The reliable operation of the antihydrogen hyperfine spectroscopy apparatus is a basic prerequisite for the proposed CPT test [internal link] and it requires a careful characterization of every component of the experiment. The use of antihydrogen for this task, however, has to be restricted to those parts, where other means are not applicable (e.g. the annihilation detector [internal link to hodoscope]…). For instance, the spin–flip cavity and the superconducting sextupole magnet can be tested just as well with conventional atomic hydrogen. Therefore a source of cold and polarized atomic hydrogen had been constructed and tested at SMI. It was shipped to CERN late 2013 and successfully operated during large parts of 2014. This project resulted in a detailed characterization of the spin–flip cavity and the superconducting sextupole magnet and a high precision verification (to a few parts per billion) of the apparatus and the measurement principle.
The hyperfine transition frequency of antihydrogen (hydrogen) will be determined by a so-called magnetic resonance measurement. This technique was invented by I. I. Rabi and improved by N. Ramsey (both Nobel prize winners) and requires the following four main components: (i) a beam of spin polarized particles, (ii) an oscillating magnetic field to induce spin-flips, (iii) a magnetic field gradient for spatial separation of spin states, and (iv) a detector for monitoring the amount of beam in the selected spin state. If the frequency of the driving magnetic is close to the transition frequency of a spin flip the amount of beam arriving at the detector is changed. By variation of the driving frequency a well-understood resonance curve can be recorded from which the transition frequency can be extracted with high precision.
A noteworthy property of the antihydrogen beam line, distinguishing it from conventional magnetic resonance experiments, is that it accepts a much stronger diverging beam in order to make use of the largest possible fraction of produced antihydrogen atoms.
The atomic hydrogen setup uses a source of polarized atomic hydrogen and a hydrogen detector in conjunction with the spin flip driving cavity and the spin state selecting magnetic field gradient of the antihydrogen experiment to form a Rabi-type beam experiment as described above.
Firstly, molecular hydrogen is generated via electrolysis from water, then it gets dissociated in a microwave driven discharge plasma to form atomic hydrogen. From this plasma atoms effuse into the vacuum of the beam line through a PTFE tubing kept at cryogenic temperature. This cooling mechanism results in a beam temperature of 50K to 100K, which is the anticipated temperature of the antihydrogen beam emerging from the CUSP trap. At this point the beam is a mixture of all spin states. A polarization is achieved by passage through a doublet of permanent sextupole magnets, where a certain spin component is selected. Furthermore, a chopper modulates the beam (tuning fork chopper: 180Hz, 50% duty cycle). This allows for a lock-in amplification of the detector signal. Next, the beam passes the microwave cavity which is optimized for ~1.42GHz, the hyperfine transition frequency of hydrogen. Then, the magnetic field gradients of the superconducting sextupole magnet follows and defocuses hydrogen atoms with a changed spin state while it refocuses those with unchanged spin states onto the detector. There, electrons from a filament are used to ionize the hydrogen atoms. The resulting protons (= ions of hydrogen) are then electrostatically extracted and guided through a quadrupole mass spectrometer, where all other ion species produced from residual gas are removed since the posses a different charge-to-mass ratio. The protons impinge on a channeltron for amplification and single-event counting.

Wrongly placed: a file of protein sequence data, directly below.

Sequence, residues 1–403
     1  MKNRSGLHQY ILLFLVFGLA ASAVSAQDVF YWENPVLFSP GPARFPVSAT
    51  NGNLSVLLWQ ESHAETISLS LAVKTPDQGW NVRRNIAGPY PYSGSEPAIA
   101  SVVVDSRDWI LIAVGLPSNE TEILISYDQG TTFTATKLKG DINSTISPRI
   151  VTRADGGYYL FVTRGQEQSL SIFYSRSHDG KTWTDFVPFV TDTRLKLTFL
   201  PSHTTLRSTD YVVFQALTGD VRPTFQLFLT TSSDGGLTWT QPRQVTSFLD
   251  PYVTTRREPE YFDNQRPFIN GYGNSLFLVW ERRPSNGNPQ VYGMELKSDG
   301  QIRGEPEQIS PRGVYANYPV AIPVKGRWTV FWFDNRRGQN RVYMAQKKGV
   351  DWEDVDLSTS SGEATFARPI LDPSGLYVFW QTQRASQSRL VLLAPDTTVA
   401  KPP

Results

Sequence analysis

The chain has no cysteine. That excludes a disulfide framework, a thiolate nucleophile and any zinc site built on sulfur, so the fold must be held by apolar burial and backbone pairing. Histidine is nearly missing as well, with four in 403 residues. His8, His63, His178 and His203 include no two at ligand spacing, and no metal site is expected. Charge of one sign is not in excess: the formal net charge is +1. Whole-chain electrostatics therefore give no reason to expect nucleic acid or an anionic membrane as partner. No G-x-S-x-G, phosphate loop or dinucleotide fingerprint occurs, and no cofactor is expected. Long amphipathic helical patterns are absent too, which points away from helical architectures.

The atomic hydrogen source and the detector had been constructed, assembled, and tested at the SMI in Vienna. In October 2013 the setup was transported to CERN and upgraded with the permanent sextupole magnets to become a source of polarized atomic hydrogen.
Early 2014 the spin flip driving cavity and superconducting sextupole magnet of the antihydrogen experiment have been inserted between hydrogen source and detector. Detailed characterization of all components followed and in April 2014 the first hyperfine transitions could be observed with this setup using the Earth’s magnetic field as a guiding field. Afterwards a magnetic shielding was placed around the cavity and a pair of Helmholtz coils produced a homogeneous magnetic guiding field. An extensive measurement program has been completed in this configuration by September 2014. Afterwards the setup has been disassembled and the spin flip cavity and superconducting sextupole magnet have been installed at ASACUSA’s antihydrogen experiment at the antiproton decelerator facility.
The hydrogen beam setup currently undergoes upgrades and shall be operational again mid 2015.